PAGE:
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How To Scale Content Production By Focusing on Operations

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How To Scale Content Production By Focusing on Operations

The content team should deliver more for the business.

Almost every marketer has heard a version of that directive at some time or another. But cranking up your brand’s content machine to deliver bigger and better results isn’t easy.

To help you figure out how to scale your content operations, we asked the experts presenting at Content Marketing World for their advice. Their ideas tackle everything from the big, strategic picture to the newly realized value of AI to tackling your existing operations – including processes, tools, and people.

Adopt a holistic view to scale content operations

Many components go into content operations. To scale your content marketing, consider each element and work to fit them together.

Prioritize and practice patience

  • Start with your strategy. Stay focused on your strategic goals and know how those are prioritized for your business. Maintain focus on your target audience. Ensure that all your content creators, editors, and strategists understand who you’re talking to and what actions you’re trying to get them to take.
  • Look at your team and tools. Make sure you have the right resources to create an efficient and effective content solution that can ideate, create, optimize, and distribute your messages on the right channels for your audience. Don’t forget to include resources to measure, optimize, and test content performance; otherwise, you won’t be able to constantly improve and show the impact of your content.
  • Document your processes. This is the first step to identifying what AI tools may be helpful or where you might find efficiencies in your workflow. It also ensures an easier transition of personnel when you’re onboarding new employees.
  • Be patient. Content marketing is not a campaign. It’s not a single project. It’s a strategy. It takes time to build trust and relationships with an audience. It takes time to measure changes and to assess the impact. Give your content time to work, and trust the process. – Brian Piper, director of content strategy and assessment, University of Rochester

Standardize the framework

Creators need the freedom to create based on content requirements. The role of the operations team is to build the foundational layer of the process on which good content creation can exist. They should focus on strategy, identification of roles and responsibilities, agreement on quality levels, standardized processes, and documented guidelines/templates. Then, let content creators create. – Colleen Smith, senior vice president global marketing, Avid Technology Inc.

See the bigger content production picture

Many people associate content operations solely with content creation. They think about what assets to create next and how to fill an editorial calendar. However, content operations involve a broader scope. It’s about connecting that content with the rest of the organization, making sure that sales reps, success reps, and even other members of the marketing team, such as account-based marketers, can easily find the right content to share at any given moment.

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Sometimes, instead of focusing solely on creating more content, we need to take a step back and consider how to effectively activate and make our content readily available to stakeholders who engage with our buyers. Ultimately, it’s about bridging the gap between content creation and content utilization to maximize its impact. – Randy Frisch, co-founder and chief brand officer, Uberflip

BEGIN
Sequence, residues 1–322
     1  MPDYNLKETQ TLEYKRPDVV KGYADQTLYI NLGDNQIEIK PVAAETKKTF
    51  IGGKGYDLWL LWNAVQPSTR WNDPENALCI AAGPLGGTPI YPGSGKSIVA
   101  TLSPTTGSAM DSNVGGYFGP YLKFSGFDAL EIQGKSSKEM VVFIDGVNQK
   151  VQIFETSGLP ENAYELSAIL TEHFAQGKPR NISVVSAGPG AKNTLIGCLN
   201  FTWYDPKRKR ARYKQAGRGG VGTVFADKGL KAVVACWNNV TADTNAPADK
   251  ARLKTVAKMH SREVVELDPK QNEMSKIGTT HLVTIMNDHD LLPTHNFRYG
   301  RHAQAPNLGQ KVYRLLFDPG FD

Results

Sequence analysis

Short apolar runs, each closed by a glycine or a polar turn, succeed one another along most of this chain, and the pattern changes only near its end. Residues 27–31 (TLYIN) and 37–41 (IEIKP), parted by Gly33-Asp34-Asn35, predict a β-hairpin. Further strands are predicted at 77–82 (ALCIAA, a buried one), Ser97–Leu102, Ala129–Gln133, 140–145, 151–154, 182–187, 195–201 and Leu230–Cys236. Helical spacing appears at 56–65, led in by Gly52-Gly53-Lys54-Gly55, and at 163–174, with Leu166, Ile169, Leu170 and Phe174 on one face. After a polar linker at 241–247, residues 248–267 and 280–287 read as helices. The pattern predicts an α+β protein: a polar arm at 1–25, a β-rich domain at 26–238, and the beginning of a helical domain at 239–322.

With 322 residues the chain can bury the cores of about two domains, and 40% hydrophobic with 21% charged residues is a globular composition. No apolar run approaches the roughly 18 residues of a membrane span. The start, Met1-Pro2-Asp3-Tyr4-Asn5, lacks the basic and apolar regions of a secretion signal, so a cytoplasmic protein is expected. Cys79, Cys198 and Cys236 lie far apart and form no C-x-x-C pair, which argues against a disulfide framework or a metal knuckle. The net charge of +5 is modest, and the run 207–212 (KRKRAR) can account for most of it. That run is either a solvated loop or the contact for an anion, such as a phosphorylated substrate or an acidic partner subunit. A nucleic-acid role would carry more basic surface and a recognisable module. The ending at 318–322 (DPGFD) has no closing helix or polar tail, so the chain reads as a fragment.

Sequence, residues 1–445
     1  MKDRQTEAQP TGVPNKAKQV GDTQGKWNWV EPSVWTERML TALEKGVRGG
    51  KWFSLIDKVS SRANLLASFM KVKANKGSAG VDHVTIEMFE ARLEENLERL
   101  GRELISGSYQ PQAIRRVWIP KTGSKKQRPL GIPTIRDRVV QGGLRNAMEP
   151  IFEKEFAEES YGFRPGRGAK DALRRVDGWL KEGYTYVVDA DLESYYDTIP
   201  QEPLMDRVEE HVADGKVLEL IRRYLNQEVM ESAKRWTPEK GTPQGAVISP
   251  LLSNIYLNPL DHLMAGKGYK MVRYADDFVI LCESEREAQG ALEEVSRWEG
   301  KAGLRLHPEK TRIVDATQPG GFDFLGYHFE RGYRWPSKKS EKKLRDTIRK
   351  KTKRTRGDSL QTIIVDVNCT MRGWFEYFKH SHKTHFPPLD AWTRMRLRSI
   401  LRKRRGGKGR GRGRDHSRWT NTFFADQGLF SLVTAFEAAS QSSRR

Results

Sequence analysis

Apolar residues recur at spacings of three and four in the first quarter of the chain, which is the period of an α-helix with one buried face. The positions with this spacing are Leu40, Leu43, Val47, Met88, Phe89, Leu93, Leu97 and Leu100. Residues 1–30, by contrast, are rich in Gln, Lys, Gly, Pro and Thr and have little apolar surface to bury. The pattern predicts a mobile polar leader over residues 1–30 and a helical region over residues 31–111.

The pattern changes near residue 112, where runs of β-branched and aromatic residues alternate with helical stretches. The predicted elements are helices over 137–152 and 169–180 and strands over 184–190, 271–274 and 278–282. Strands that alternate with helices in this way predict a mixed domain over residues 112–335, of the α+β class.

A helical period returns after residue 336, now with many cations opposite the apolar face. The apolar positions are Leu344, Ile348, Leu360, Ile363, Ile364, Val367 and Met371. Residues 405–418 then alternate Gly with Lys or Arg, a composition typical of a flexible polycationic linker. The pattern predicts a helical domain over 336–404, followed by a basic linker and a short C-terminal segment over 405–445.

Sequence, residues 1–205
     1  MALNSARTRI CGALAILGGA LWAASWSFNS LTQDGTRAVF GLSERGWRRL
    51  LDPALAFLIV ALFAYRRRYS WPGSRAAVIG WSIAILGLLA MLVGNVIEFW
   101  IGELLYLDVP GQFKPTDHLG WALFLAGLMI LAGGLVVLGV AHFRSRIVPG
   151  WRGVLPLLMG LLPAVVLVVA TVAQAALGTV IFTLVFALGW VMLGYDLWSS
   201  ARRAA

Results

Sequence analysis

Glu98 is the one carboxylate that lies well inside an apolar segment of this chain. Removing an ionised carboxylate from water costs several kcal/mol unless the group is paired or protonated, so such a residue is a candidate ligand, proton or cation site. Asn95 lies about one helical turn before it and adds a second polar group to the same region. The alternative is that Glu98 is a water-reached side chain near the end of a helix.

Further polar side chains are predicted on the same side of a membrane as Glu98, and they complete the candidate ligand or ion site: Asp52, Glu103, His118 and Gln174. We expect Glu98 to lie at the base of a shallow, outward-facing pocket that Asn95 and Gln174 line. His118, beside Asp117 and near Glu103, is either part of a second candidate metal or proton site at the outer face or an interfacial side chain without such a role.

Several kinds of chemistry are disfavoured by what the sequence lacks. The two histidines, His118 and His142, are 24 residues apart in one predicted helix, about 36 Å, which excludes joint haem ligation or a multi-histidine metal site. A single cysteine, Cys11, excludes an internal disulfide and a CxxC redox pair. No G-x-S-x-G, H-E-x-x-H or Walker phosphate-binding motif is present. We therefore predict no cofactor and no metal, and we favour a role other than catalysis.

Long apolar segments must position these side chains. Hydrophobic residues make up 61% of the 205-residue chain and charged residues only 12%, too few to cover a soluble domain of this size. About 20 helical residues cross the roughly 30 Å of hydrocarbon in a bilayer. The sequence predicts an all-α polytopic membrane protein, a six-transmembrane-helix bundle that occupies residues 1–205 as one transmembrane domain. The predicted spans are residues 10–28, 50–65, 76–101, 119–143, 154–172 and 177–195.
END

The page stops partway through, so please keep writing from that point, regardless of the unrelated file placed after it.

Instead of creating more, consider how to activate #Content and bridge the gap between creation and utilization, says @RandyFrisch via @CMIContent. #CMWorld Click To Tweet

Establish governance

Marketers overlook content governance. Content governance involves implementing systems, guidelines, and standards to manage, create, distribute, and maintain content across various platforms. Doing this ensures consistency, accuracy, and compliance.

Content governance includes not only brand and content guidelines but also SEO strategies, inclusive language, and policies on approval, archiving, retention, and deletion. How do you ensure you are following your policies? Conduct regular content audits, track content effectiveness, and establish clear metrics for success. You can’t improve what you can’t measure. – Karen McFarlane, chief marketing officer, LetterShop x KMC

Think distribution

Distribution often challenges the ability to scale. For example, a group will have an incredible video production team but no budget or plan to distribute beyond organic channels. As soon as a video gets the green light to produce, there should be a distribution plan with dollars attached. Otherwise, decide if you’re OK making art for art’s sake. – Adam Pierno, managing director of brand strategy, Arizona State University

Follow these steps

When organizations struggle to scale their content operations, they often overlook starting with a solid content strategy. Setting clear goals, defining target audience personas, and establishing content guidelines for consistency should come first.

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Step two is planning, organization, and governance. Having a documented process for content creation and distribution, along with an editorial calendar, keeps things on track. And content governance is often neglected. It’s important to have clear roles, responsibilities, and workflows to ensure collaboration and accountability. Get the right people in the right places and define their roles clearly.

The very last thing should be investing in the right technology and tools. It can make a huge difference, but only once your people and processes are in place. – Ahava Leibtag, president, Aha Media Group

Assemble the puzzle